How did I get it?:
I bought it from Mr B’s Emporium!
Will has never been outside, at least not since he can remember. And he has certainly never gotten to know anyone other than his mother, a fiercely loving yet wildly eccentric agoraphobe who panics at the thought of opening the front door. Their world is rich and fun- loving—full of art, science experiments, and music—and all confined to their small house.
But Will’s thirst for adventure can’t be contained. Clad in a protective helmet and unsure of how to talk to other kids, he finally ventures outside. At his new school he meets Jonah, an artsy loner who introduces Will to the high-flying freedoms of skateboarding. Together, they search for a missing local boy, help a bedraggled vagabond, and evade a dangerous bootlegger. The adventure is more than Will ever expected, pulling him far from the confines of his closed-off world and into the throes of early adulthood, and all the risks that everyday life offers.
In buoyant, kinetic prose, Michael Christie has written an emotionally resonant and keenly observed novel about mothers and sons, fears and uncertainties, and the lengths we’ll go for those we love.
I was really looking forward to starting If I Fall, If I Die as I find books centred around mental health fascinating. It could have been a really exciting story line but at times, I felt like this book was a struggle to read. Don’t get me wrong, I would recommend If I Fall, If I Die… I just have to mention that it’s not a fast-paced read.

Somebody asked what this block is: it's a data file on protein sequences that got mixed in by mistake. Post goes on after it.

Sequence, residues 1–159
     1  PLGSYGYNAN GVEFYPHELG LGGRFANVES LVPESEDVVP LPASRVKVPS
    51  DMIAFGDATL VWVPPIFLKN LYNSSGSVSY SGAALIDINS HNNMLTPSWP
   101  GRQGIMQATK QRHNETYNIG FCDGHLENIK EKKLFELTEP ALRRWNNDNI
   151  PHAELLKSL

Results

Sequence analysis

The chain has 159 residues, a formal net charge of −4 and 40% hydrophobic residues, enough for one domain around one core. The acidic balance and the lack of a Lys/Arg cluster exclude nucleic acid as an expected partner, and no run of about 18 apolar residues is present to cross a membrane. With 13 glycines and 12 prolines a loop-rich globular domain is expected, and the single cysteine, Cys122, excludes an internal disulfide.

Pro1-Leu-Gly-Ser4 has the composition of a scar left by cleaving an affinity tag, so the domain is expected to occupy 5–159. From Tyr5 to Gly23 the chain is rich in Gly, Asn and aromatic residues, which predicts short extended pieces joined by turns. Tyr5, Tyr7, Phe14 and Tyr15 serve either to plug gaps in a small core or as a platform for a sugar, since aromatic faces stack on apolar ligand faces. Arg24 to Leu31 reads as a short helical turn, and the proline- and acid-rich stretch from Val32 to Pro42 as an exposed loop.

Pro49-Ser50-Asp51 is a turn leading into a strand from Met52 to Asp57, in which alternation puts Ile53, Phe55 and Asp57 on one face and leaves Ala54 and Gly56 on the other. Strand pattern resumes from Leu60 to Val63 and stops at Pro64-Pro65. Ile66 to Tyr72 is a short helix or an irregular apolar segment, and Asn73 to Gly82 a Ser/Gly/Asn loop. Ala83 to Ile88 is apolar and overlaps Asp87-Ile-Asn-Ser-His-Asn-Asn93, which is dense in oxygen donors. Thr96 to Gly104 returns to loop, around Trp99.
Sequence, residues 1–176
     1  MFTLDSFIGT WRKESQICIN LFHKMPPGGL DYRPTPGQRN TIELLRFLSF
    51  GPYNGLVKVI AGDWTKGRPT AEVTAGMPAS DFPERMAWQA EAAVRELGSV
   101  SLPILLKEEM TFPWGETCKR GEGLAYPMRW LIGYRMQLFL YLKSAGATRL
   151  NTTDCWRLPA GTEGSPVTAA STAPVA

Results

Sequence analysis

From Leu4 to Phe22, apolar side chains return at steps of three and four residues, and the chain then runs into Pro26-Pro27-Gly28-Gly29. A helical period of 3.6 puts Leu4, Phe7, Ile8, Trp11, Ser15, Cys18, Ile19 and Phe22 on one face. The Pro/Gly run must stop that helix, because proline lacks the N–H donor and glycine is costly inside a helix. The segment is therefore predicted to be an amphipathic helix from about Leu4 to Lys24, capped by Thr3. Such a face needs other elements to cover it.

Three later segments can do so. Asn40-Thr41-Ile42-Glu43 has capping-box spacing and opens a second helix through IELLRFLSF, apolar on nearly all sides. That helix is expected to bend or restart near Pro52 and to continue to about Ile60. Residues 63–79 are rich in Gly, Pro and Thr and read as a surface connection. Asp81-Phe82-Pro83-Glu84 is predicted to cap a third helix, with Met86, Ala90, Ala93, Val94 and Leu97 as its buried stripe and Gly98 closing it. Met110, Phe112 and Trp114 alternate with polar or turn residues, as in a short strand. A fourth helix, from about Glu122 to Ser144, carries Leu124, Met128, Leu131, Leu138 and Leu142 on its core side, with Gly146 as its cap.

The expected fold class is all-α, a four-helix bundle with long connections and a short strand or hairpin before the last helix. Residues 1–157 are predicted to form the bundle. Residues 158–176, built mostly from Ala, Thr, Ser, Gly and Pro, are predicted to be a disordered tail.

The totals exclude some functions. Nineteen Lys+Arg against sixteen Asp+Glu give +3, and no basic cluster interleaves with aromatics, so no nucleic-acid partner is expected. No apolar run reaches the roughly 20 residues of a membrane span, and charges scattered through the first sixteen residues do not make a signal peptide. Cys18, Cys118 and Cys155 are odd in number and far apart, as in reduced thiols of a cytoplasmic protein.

If I Fall, If I Die centres around Will and his mother Diane. At the start of the story, Will has never left the house. This is due to his mother Diane, being agoraphobic. Due to technology, Will and Diane have never had to leave the house. They can have almost anything delivered to the house and Will can be home schooled. Diane creates a world for Will so that he can learn from the home. Will decides to go outside of the house one day, he meets a boy called Marcus and realises that the outside world isn’t as dangerous as his mother made him think. Will becomes so fearless, which makes Diane more fearful. She knows she can’t protect Will, because she can’t leave the house.
This story is intense. I think Michael Christie created fantastic characters. Will’s mum was fascinating to read about. Their relationship was incredibly complex. The reason why I haven’t rated this book any higher is because I felt that a lot was added to the story that didn’t necessarily deepen the story for me. I wish more had been explored between Will and his mum instead of the second half of the story feeling different than the rest.
Would I recommend it?: